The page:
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Splinter Cell is reportedly coming back—as an anime series on Netflix

(Image credit: Ubisoft)
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Earlier this month, Fraser made his displeasure over Ubisoft's handling of the Splinter Cell series very clear, describing its shabby treatment of Sam Fisher and friends as "elaborate trolling (opens in new tab)" that's been stringing fans along for seven years. Well folks, I'm here to tell you that it's not done with us yet: There's still no sign of a new Splinter Cell game, but Variety (opens in new tab) reports that Ubi has signed a deal with Netflix to make a Splinter Cell anime series.

The series will be written by John Wick co-creator Derek Kolstad, who has a number of other gaming-related projects in the works including a Just Cause (opens in new tab) movie, a television series based on My Friend Pedro (opens in new tab), and a Hitman (opens in new tab) series for Hulu, although I'm not sure what the status on that one is at this point. Kolstad will also serve as executive producer, according to the report, which says that 16 episodes, for two seasons, have been ordered.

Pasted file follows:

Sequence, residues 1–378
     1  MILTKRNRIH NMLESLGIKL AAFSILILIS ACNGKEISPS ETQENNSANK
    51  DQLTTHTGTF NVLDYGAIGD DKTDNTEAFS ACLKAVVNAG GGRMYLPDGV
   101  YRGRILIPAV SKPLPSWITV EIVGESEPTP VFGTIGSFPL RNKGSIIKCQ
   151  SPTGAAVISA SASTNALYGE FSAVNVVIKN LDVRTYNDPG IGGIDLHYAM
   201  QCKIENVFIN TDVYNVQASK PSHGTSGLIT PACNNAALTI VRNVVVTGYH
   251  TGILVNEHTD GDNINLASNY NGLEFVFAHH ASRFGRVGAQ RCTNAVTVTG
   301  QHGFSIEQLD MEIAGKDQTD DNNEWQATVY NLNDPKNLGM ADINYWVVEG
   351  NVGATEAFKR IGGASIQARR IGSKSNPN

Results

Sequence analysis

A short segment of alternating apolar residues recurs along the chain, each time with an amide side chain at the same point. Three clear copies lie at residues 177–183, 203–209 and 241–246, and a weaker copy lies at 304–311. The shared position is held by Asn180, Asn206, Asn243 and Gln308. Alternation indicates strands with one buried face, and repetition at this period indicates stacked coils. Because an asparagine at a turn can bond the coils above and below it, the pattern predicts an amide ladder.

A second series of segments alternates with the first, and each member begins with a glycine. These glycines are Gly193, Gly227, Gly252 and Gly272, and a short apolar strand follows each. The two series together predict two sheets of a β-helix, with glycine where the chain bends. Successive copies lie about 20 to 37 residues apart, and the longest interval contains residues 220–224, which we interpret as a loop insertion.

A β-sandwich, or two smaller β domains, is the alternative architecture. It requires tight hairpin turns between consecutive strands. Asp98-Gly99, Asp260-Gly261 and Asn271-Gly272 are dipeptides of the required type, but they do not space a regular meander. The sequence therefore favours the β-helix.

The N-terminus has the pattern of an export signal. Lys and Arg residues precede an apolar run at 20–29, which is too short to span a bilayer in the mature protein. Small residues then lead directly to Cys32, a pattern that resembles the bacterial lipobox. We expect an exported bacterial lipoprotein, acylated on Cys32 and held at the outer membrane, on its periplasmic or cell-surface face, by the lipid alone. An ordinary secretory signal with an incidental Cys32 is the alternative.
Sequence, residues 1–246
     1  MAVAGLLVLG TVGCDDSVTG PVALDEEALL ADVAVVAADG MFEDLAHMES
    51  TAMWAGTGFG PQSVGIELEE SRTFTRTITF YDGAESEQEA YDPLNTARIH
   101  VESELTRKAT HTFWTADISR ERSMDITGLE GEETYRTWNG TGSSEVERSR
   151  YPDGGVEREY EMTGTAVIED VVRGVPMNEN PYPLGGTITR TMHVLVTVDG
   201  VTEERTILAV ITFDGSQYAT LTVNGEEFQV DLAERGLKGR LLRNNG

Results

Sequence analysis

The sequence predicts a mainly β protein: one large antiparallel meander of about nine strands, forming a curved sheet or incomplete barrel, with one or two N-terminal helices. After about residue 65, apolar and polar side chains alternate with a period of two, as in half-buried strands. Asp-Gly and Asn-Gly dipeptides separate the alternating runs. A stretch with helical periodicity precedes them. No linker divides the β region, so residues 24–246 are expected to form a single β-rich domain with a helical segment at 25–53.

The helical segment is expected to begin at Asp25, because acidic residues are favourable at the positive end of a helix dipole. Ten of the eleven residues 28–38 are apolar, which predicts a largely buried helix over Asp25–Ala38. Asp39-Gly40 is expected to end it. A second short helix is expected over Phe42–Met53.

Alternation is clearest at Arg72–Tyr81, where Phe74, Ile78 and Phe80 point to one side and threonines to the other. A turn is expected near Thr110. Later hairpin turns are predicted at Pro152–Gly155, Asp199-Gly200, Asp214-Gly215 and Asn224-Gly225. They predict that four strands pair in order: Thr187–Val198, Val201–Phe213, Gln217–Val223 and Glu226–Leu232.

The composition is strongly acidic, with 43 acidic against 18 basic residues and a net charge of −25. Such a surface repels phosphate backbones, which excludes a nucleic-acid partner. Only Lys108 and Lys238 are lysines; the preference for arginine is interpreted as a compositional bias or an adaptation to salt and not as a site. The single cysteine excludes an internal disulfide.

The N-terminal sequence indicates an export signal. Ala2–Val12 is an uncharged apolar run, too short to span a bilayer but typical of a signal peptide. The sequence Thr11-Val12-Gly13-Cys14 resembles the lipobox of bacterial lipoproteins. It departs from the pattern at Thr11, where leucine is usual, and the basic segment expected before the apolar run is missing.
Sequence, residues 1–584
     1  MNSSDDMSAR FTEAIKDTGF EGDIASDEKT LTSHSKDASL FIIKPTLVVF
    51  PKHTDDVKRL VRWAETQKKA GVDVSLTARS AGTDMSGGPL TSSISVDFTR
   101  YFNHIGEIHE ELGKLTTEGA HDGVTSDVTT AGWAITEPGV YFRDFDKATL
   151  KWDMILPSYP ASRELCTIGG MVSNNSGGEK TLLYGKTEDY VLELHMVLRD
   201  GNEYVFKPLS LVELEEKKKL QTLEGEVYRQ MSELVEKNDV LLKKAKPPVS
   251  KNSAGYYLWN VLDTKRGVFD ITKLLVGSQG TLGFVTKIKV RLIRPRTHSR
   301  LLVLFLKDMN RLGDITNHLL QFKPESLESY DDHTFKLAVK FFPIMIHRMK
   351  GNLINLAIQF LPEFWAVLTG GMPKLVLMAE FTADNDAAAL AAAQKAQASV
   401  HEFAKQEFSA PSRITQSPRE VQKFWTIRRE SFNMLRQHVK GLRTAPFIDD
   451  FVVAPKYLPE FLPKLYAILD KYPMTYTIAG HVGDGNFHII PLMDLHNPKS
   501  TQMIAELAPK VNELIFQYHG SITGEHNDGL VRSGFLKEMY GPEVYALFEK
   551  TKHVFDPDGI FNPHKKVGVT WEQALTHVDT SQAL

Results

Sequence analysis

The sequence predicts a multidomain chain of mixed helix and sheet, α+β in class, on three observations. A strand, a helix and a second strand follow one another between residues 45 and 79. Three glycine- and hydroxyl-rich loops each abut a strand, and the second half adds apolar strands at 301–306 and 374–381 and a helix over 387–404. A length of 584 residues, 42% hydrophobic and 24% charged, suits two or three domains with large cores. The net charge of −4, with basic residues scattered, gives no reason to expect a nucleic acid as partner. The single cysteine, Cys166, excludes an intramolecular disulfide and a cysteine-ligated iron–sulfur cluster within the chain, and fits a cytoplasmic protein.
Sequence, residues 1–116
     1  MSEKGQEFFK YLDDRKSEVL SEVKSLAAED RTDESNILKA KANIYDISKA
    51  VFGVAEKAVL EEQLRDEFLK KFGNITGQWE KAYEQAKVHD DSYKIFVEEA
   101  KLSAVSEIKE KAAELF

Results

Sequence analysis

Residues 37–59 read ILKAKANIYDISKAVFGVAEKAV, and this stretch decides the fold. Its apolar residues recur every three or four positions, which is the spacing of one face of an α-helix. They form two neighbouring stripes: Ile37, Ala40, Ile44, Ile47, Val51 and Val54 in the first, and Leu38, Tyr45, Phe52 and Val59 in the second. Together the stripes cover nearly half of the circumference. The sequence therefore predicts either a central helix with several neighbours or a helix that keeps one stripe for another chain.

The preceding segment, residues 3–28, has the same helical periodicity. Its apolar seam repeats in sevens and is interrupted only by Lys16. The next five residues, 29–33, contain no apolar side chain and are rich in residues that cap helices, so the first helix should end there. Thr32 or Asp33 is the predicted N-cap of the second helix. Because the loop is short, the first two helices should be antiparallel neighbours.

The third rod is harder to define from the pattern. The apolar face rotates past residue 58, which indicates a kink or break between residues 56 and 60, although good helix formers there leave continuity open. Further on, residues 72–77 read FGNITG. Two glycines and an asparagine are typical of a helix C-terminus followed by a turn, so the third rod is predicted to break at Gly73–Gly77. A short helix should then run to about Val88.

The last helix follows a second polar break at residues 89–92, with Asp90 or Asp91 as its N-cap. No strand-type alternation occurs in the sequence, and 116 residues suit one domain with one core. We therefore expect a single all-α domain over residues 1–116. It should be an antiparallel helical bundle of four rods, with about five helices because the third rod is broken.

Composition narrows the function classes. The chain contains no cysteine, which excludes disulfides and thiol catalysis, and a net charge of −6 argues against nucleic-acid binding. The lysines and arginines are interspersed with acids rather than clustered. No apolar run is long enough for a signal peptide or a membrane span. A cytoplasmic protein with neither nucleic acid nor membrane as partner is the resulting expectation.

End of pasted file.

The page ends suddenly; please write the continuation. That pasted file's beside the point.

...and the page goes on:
Splinter Cell, a stealth-action game about a modern-day ninja that's voiced to perfection by Michael Ironside (opens in new tab) (with a brief detour for Eric Johnson in 2013) debuted almost 20 years ago, and for awhile was one of Ubisoft's best-known series. But the last full game was Blacklist (opens in new tab) in 2013, and while the years since have given us numerous comeback rumors (opens in new tab) and teases (opens in new tab), all we've actually seen so far are brief cameo appearances (opens in new tab) (with Ironside back in the saddle) and, most recently—raising Fraser's ire—a spot in the upcoming mobile game Elite Tactics.

Neither Ubisoft nor Netflix commented on the Variety report, but I've reached out to both and will update if I receive a reply.

Andy has been gaming on PCs from the very beginning, starting as a youngster with text adventures and primitive action games on a cassette-based TRS80. From there he graduated to the glory days of Sierra Online adventures and Microprose sims, ran a local BBS, learned how to build PCs, and developed a longstanding love of RPGs, immersive sims, and shooters. He began writing videogame news in 2007 for The Escapist and somehow managed to avoid getting fired until 2014, when he joined the storied ranks of PC Gamer. He covers all aspects of the industry, from new game announcements and patch notes to legal disputes, Twitch beefs, esports, and Henry Cavill. Lots of Henry Cavill.